“No man can, by natural right, oblige the lands he occupied, or the persons who succeed him in that occupation, to the paiment of debts contracted by him. For if he could, he might, during his own life, eat up the usufruct of the lands for several generations to come, and then the lands would belong to the dead, and not to the living, which would be the reverse of our principle.”

Politicians have short time-horizons. That’s why they generally make poor decisions. They don’t care about the future beyond the next election cycle. They certainly don’t care about my children. Elected officials do the popular thing now to secure reelection tomorrow. with little concern for the long-term consequences. It’s a neverending game of kick the can down the road—until you run out of road.

Three trillion borrowed dollars in the span of three months will make that road mighty short.

This article was originally featured at the Tenth Amendment Center and is republished with permission.

Libertarians Should Support #AbolishThePolice

Libertarians Should Support #AbolishThePolice

The protests in response to the murder of George Floyd have brought more mainstream exposure to a radical libertarian position than any other other political movement since Ron Paul’s presidential run. A number of hashtags calling for the defunding, disbanding and outright abolition of local police have propelled the topic into mainstream discourse. Over the past few days, The Star Tribune, Time magazine and today, the NYT have all run articles exploring the notion. A notion for which libertarians have devoted considerable effort, over the course of many decades, towards providing a theoretical and intellectual unpinning.

Due to the cultural development of the libertarian movement since the elder Paul’s presidential bid, however, some high profile libertarians have found it difficult to find fraternity with or even support such calls from urban minority community activists who have recently stolen the attention of the 24 hour news cycle. This is true for many reasons. Questions of the coherency of the narrative (who will enforce leftist laws???), over emphasis on racial issues instead of a focus on the institution of the police, and just the overwhelming growth of power of PC culture in just the last decade has made such libertarians regard this recent development as somewhat dubious.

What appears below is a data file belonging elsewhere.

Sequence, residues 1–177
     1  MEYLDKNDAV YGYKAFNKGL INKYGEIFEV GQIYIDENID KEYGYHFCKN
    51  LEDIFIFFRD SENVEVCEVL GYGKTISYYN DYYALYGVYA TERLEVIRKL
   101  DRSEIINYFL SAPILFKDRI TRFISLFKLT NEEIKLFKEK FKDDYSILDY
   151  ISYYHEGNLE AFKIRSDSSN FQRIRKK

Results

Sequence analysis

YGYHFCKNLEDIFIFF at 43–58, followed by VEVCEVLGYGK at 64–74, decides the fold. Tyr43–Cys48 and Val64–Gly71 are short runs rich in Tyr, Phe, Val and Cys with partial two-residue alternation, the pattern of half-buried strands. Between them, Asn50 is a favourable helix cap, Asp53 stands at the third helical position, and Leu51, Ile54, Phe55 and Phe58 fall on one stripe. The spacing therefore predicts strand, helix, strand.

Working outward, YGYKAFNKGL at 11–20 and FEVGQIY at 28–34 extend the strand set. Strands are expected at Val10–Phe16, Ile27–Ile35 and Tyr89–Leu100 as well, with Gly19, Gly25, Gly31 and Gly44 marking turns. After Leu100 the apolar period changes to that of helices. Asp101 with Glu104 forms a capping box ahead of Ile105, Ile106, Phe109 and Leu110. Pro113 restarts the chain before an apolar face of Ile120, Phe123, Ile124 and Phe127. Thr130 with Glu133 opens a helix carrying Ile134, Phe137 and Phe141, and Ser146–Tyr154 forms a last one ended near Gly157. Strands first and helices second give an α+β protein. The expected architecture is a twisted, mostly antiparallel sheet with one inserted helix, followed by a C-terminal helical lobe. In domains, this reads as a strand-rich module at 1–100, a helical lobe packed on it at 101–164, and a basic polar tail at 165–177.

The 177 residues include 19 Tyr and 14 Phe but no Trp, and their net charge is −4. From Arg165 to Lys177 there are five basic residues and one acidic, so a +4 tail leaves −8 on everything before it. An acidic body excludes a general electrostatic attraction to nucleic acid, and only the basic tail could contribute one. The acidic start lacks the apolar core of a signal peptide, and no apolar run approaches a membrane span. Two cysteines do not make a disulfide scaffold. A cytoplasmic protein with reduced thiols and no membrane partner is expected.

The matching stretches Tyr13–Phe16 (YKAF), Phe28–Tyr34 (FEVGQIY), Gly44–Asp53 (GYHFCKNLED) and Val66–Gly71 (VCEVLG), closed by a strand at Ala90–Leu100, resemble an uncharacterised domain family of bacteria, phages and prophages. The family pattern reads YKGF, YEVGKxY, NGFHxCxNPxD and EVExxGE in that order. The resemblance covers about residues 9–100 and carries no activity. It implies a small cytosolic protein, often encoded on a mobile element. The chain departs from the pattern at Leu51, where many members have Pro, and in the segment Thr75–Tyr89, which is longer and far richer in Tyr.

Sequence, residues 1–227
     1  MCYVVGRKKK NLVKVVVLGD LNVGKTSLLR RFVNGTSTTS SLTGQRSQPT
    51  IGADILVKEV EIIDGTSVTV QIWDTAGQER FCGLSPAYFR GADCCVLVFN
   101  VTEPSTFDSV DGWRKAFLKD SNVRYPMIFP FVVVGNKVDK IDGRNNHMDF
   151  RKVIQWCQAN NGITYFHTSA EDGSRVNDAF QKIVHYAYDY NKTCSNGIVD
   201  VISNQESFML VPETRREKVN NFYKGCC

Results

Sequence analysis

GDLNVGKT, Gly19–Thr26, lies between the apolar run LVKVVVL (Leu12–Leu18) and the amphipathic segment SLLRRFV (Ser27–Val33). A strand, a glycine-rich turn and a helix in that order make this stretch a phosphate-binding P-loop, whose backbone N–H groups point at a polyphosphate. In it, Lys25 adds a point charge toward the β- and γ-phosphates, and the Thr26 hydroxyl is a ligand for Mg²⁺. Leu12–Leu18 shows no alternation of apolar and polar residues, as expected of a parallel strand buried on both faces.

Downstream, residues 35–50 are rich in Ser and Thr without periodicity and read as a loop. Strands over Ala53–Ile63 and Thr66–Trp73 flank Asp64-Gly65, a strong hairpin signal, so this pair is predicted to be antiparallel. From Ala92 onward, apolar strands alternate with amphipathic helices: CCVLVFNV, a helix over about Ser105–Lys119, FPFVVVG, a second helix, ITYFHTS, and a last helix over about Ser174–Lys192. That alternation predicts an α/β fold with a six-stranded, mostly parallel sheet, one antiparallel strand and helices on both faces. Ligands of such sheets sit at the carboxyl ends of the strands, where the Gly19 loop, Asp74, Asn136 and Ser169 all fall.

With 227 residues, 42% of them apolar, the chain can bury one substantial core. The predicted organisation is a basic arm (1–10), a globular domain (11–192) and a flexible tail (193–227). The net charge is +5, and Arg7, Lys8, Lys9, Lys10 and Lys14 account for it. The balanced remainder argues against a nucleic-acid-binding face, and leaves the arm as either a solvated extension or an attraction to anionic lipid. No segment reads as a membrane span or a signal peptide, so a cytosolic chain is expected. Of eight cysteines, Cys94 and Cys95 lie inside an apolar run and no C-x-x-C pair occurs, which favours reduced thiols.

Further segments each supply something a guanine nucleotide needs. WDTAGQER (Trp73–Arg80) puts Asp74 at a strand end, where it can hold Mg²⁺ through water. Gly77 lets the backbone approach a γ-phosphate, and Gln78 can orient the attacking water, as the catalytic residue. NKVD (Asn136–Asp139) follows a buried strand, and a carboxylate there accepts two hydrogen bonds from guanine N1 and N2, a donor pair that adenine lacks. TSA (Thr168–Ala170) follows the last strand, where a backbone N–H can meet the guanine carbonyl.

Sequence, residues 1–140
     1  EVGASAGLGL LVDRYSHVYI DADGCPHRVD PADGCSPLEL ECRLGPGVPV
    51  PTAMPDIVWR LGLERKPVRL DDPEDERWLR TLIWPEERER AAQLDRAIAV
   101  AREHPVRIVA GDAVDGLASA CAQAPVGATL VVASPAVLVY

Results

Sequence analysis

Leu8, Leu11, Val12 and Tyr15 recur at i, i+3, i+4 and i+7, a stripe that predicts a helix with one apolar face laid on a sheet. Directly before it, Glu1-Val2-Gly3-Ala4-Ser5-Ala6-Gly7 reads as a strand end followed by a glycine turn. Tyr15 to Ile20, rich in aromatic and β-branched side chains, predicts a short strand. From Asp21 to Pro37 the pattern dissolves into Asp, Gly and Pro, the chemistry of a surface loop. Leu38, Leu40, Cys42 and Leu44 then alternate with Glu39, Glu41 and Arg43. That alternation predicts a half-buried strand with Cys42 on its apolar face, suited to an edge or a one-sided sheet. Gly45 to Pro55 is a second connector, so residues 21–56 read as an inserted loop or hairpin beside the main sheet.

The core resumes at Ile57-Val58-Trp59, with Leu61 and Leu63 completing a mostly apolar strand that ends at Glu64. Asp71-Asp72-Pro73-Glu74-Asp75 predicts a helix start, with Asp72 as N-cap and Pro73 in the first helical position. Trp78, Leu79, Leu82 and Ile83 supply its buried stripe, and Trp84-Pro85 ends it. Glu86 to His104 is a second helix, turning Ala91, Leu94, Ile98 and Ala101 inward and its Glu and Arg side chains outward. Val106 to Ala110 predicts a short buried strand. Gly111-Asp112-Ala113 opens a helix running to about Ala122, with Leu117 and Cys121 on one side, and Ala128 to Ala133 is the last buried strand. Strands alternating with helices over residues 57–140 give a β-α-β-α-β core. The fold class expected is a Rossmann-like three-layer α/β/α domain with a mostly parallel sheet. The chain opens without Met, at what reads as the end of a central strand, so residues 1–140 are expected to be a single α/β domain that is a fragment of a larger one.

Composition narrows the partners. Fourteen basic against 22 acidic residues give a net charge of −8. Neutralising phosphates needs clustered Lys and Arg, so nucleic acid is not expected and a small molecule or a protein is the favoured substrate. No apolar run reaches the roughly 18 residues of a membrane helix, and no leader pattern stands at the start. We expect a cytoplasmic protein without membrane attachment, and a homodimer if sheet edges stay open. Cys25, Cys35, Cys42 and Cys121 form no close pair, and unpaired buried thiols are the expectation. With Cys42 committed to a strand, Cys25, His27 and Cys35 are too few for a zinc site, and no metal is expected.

Even on their own terms, it’s not clear that these views are justified.

First, its unclear as to whether or not this movement even qualifies as leftist, at least in the sense the term is used. If the position itself is leftist, than libertarians need to just accept that they hold leftist views. If by leftist they mean that *every* protester and voice in favor of abolition *also* holds socialist and anti-capitalist views, well that is immediately falsified. A number of libertarians have come out in support of the protests, a number even participated. How many people have to be libertarian for the movement to be libertarian? a plurality? a majority? Are we just going to say those people don’t count? Ok, so *most* protesters, right? What about the hundreds of thousands of participants who hold a complex set of political views that cant be easily summed up in a pithy way?  If what matters is the majority, than the movement has no political affiliation at all. What about the fact that ideas are transmitted through a sophisticated network over a variety of media, and people form their opinions based on a variety of influences. That political movements take on a life of their own, and calls to abolish are potentially as much to do with libertarian yammering as anything else?

Fine. Perhaps then, its the organizers that qualify the movement as leftist. I would accept that if they were calling for the platitudes and fashionable leftist rhetoric of yesteryear, These protesters have one goal. End the reign of terror that police have inflicted on the communities they are supposed to be serving and protecting.

“But it doesn’t make sense! How will they collect their revenue?”

Next we hear the following objection. “They don’t really want abolition, because then they couldn’t enforce their laws”. A slightly more coherent version of this rebuttal is “They haven’t really thought it through.” There is still *so* much wrong with this. Not only is it incredibly patronizing, but it homogenizes the entire movement. Libertarians are supposed to be methodological individualists. Not every protester is uniformly in favor of occupational licensing, zoning laws, business licenses, etc… In fact, most of these people don’t even consider these to be related issues, never mind having overwhelming support for them. Those who are familiar, have probably been victimized by such institutions themselves. What you really mean is that the political class wont let it happen. Uh, ok. Aren’t we all fighting the political class?

“But it shouldn’t all/only be about race”.